The entrance to the farm is just a small door that can be easily overlooked. That is done on purpose. It should not be too welcoming, PIC felt.
Each of the 11 staff members will have to follow a particular programme to get to their working spots. Upon arrival in vans, they will have to wear overshoes onto the premises, and they can deposit their pre-packed lunch in a disinfection room which can be entered from outside, explains Xavier Novell Goma, area manager with Semen Cardona and responsible for the day-to-day operations at GTC Allen. In the middle of the room, through-passage is blocked by a wall-to-wall open cupboard.
Once all materials are placed in the cupboard and the door is closed, a disinfection spray containing hydrogen peroxide will do its work. In the meantime, staff will enter. Laboratory staff have their own route where they shower and change clothes completely before entering the lab.
Farm staff will first have to go through a “dry shower”, that is, a sluice for changing of clothes and shoes, before proceeding to the farm buildings. Once the staff members arrive at their respective buildings, a full showering procedure awaits them, with another change of clothes and shoes.
The semen collection process is one of automated traceable steps, which is also an upgrade from the Tarazona farm. When a boar is ready for collection (every third day), the animal is warmed up in a pre-heating cabin – and he will know he is about to meet the dummy. Ejaculation can take 5 to 10 minutes, and once the boar is done the ear tag is scanned and a barcoded label is printed containing data about day, time, boar and employee. The collection is then placed into a round container which is pneumatically sent via a tube system to the lab.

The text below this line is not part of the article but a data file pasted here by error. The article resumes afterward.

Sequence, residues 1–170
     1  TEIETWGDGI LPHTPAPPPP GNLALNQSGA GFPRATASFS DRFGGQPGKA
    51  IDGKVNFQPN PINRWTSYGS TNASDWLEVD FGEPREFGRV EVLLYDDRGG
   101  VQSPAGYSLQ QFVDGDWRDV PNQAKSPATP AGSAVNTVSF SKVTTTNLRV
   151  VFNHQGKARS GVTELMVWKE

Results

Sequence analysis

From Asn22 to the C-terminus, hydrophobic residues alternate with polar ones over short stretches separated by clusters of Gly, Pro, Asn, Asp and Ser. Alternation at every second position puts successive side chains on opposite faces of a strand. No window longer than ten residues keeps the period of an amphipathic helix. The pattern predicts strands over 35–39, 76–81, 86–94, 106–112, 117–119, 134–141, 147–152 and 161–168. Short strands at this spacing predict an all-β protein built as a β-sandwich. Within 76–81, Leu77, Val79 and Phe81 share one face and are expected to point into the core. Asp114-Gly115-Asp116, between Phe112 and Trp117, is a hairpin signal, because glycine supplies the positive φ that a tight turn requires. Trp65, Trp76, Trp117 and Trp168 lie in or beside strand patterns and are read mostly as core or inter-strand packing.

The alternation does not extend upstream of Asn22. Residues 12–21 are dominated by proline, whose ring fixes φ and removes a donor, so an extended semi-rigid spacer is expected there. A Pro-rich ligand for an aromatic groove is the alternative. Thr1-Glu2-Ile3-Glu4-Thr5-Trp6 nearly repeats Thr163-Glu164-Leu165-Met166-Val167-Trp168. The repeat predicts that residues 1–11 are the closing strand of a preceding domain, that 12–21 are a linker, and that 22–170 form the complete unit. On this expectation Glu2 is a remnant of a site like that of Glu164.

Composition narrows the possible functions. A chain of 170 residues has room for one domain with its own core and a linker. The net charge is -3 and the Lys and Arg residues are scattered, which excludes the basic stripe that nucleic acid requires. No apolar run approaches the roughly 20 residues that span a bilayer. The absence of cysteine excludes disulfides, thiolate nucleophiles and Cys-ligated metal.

Traceability is at the heart of everything that happens in the lab. Here, the containers are opened and a sample of the ejaculate is taken for scanning purposes, after which it is either considered fit for further processing or discarded. Technologically advanced equipment calculates in a split second how much dilute is needed for each individual ejaculate, after which it is bagged. Technology by Magapor is making this possible.
About 20–30 bags of semen can be obtained from each ejaculate. It is all stored in a large cooling room where gradual cooling down is guaranteed. Too quick a drop in temperature would be detrimental for semen quality. With a label containing all additional information, the bags can be on their way to the distribution centre in Cardona – and be with customers within 24 hours of production.
Outside air is actively kept out by use of pressure differences within the farm. In the collection room there is a 12 pascal positive pressure in comparison to outside and, in the animal barns, a 10 pascal positive pressure. That way, air will always have the tendency to flow out whenever a door is opened.
This extensive list of top-notch biosecurity measures ensures that only excellent quality semen arrives with customers. So the pride was understandable, that day in late April, at the completion of the project. At the end of the day, the last pictures were taken and the doors locked, now for good.
Only a few very privileged will be allowed – for the rest, GTC Allen will behave like a bunker. Nothing should come in, and only high quality semen should leave.